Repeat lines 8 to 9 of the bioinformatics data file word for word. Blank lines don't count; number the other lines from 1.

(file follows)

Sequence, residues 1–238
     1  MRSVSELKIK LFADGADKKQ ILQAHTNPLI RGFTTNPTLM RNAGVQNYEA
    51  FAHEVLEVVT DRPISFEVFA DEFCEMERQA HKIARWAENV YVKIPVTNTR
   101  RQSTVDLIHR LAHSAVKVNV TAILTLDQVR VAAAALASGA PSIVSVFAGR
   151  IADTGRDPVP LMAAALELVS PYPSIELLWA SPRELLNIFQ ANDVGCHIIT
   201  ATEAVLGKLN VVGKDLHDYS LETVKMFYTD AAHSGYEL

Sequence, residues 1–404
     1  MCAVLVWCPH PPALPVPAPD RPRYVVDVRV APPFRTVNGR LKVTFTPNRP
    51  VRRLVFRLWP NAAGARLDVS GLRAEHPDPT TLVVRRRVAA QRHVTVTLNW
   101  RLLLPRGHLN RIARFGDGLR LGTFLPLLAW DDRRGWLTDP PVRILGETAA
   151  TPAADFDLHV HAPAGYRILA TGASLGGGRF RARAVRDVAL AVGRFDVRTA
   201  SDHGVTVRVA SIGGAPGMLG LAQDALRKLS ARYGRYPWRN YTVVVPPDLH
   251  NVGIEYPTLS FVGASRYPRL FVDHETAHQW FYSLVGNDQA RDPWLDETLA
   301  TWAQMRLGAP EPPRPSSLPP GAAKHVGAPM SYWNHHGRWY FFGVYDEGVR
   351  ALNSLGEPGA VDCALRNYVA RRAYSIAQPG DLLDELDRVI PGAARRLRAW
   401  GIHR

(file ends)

     1  MCAVLVWCPH PPALPVPAPD RPRYVVDVRV APPFRTVNGR LKVTFTPNRP
    51  VRRLVFRLWP NAAGARLDVS GLRAEHPDPT TLVVRRRVAA QRHVTVTLNW